And when her authority is challenged, she stays standing. In fact, in the time since the scathing Times coverage, and ensuing questions about her tenure, Wintour was promoted, to her current dual role at Vogue and its corporate parent. As for when, if ever, she might leave Vogue or Condé Nast, there’s only speculation; retirement seems increasingly unlikely. “One thing I would bring up,” Odell said, “is that she talks about Karl Lagerfeld and his longevity.” Lagerfeld worked as a designer for Chanel until his death, in 2019. As a young editor anxiously wanting to take over for Mirabella at Vogue, Wintour said she believed there should be term limits on how long one could occupy that title—five years, max. Odell’s book contains no quotes about whether Wintour believes worldwide content officers should have similar term limits.
Right alongside the matter of who Wintour will diminish is the matter of who Wintour will champion. Anna describes the role she played in establishing Harvey Weinstein’s credibility. She put his actresses on her covers and promoted Marchesa, the line designed by Weinstein’s wife, Georgina Chapman. Weinstein determinedly courted her approval, knowing the importance her sign-off would have. Odell writes that, after reports of his exploitative and abusive behavior were published, in 2018, Wintour had to be forcefully talked out of meeting Weinstein for lunch at his invitation. She was not, however, dissuaded from helping John Galliano, who in 2011 was caught on a cellphone camera making anti-Semitic remarks; Wintour saw to his professional rehabilitation, ensuring that he was appointed as designer of Maison Margiela.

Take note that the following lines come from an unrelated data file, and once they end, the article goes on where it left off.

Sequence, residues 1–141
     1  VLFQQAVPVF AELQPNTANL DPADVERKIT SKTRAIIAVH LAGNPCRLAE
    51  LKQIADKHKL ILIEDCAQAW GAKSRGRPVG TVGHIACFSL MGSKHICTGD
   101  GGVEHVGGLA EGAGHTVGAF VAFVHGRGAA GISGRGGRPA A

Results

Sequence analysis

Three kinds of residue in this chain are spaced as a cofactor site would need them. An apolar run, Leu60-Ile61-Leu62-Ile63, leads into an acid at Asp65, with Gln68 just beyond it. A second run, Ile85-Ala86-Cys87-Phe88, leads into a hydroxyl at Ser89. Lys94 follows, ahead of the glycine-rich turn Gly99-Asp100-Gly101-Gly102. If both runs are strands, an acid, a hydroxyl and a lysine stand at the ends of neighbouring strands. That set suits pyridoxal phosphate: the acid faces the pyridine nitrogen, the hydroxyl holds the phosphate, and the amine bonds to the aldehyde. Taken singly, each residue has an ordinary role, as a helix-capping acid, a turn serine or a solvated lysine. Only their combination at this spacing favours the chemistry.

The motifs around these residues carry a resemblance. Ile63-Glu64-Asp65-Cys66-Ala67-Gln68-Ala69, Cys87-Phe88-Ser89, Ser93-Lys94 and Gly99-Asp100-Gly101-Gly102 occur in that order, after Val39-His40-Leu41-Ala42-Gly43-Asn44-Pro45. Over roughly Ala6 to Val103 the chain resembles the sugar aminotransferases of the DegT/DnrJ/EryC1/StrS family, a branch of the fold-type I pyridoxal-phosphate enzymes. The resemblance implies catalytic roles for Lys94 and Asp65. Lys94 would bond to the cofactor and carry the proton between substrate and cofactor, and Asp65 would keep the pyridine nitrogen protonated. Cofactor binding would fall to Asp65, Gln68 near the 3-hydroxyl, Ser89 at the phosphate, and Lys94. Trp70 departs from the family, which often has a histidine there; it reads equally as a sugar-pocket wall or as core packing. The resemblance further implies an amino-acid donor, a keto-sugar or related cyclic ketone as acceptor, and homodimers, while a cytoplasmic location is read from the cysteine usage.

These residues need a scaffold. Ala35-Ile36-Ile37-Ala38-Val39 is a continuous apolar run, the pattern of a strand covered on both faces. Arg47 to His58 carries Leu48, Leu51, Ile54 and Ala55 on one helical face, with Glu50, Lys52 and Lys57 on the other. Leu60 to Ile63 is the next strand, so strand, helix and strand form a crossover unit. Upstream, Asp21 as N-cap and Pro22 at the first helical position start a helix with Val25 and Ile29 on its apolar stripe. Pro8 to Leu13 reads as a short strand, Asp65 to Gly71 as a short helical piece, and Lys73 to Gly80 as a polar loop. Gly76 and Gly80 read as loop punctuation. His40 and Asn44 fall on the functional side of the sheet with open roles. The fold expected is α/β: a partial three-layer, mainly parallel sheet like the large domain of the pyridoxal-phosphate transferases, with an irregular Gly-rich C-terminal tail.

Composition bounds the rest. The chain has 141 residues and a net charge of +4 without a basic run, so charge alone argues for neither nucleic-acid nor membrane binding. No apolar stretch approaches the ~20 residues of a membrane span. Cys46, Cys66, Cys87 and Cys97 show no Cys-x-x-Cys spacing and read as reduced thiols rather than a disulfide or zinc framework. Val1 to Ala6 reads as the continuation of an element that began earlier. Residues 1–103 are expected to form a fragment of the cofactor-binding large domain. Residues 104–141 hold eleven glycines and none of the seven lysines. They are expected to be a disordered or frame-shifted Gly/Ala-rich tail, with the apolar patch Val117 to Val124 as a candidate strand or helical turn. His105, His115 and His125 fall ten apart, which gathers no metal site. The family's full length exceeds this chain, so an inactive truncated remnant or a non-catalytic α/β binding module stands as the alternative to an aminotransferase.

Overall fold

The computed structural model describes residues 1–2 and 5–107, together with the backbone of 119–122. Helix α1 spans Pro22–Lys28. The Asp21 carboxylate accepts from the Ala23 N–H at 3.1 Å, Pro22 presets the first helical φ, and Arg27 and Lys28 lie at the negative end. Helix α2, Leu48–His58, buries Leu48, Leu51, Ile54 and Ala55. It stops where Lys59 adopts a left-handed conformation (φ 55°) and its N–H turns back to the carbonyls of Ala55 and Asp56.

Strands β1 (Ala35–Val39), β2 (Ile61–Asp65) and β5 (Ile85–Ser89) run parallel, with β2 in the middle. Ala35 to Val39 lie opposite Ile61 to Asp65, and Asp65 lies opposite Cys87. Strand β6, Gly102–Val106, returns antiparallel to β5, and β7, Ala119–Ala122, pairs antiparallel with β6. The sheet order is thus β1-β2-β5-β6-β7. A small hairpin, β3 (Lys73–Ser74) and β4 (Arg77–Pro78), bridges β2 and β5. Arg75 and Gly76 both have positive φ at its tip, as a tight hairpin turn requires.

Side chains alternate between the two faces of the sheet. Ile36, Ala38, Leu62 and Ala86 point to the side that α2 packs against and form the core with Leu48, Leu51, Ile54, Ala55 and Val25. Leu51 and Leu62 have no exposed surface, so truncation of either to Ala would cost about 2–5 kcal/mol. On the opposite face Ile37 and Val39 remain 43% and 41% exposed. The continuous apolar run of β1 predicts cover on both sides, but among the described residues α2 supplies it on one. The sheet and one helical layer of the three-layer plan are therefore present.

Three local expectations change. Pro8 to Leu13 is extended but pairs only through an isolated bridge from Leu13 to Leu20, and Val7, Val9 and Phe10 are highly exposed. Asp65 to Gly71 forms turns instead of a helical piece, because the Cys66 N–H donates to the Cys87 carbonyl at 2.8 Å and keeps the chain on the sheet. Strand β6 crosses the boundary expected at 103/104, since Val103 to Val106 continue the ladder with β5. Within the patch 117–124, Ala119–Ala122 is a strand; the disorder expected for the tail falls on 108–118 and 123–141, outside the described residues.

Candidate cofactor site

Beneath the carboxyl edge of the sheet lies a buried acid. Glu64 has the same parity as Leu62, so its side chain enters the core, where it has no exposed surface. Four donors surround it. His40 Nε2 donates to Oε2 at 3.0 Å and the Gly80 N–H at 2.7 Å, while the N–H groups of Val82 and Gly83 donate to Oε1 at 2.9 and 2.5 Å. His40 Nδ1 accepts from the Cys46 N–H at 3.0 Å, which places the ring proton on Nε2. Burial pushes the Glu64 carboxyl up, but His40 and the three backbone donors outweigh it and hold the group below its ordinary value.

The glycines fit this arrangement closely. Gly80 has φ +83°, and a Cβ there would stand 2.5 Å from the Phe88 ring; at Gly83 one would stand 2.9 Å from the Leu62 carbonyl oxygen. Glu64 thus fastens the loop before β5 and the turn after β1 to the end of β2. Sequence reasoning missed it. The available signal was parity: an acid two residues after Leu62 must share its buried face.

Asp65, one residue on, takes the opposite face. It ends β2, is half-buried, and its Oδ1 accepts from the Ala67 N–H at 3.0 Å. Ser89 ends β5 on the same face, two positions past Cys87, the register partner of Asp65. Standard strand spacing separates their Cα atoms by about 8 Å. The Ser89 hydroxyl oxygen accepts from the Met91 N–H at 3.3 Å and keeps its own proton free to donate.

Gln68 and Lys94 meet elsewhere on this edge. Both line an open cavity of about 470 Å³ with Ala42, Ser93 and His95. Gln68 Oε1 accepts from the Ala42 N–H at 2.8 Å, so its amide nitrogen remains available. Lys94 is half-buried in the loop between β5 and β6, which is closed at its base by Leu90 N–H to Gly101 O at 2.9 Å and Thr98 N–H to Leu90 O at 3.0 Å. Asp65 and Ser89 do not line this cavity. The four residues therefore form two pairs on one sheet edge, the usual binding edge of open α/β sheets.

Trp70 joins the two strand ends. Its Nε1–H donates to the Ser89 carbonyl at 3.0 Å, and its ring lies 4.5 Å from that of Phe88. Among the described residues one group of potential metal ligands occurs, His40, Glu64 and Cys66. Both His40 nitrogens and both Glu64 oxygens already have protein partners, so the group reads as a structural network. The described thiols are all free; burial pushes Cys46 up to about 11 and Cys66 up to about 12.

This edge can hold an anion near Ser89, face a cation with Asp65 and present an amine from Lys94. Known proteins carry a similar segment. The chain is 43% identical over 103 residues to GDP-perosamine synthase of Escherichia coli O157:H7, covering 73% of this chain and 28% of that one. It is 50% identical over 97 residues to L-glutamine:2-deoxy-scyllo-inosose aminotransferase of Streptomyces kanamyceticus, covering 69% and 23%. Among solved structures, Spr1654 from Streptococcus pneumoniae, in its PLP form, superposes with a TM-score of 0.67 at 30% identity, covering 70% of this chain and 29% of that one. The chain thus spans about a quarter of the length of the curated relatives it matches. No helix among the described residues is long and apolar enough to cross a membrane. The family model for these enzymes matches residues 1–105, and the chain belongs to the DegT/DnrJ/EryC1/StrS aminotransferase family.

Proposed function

If her critics operate in fear, her beneficiaries seem beholden. “She’s incredibly savvy,” Lee told me. “She played the game better and consolidated her power in a way I would argue has never been done at Condé Nast before.” Wintour’s relationships with major European luxury houses, which consistently advertise in Vogue—“even in hard times,” as Lee pointed out—have played a large part in establishing a perception of her as a singular force. “She continues to be elevated at Condé Nast, but over a severely depleted kingdom.”
There are questions to be raised about just what role Wintour has played in depleting the kingdom. Odell’s biography includes decisions that stalled Vogue’s growth, moments when the circulation and ad revenue of rival publications came too close to threatening Vogue’s newsstand supremacy. Condé Nast passed on a chance to acquire Net-a-Porter, now one of the world’s most highly valued luxury e-commerce sites, and Vogue delayed its transition from print to digital media far past the point when a fashion publication might have kept up with the trends of the time. Odell describes Wintour as eager to embrace the internet in theory, but slow in practice; once, when a new editor sent a welcome email to his colleagues, he received a fax from Wintour: “Joe, this is Vogue. We don’t email.” There is also the criticism that, as Wintour has consolidated her power within Condé Nast, titles under her have suffered. As Odell reports, over the course of Wintour’s career, people have often remarked on her ability to make all editorial look like her editorial; some Condé magazines, including Lucky and Glamour, have ceased print operation.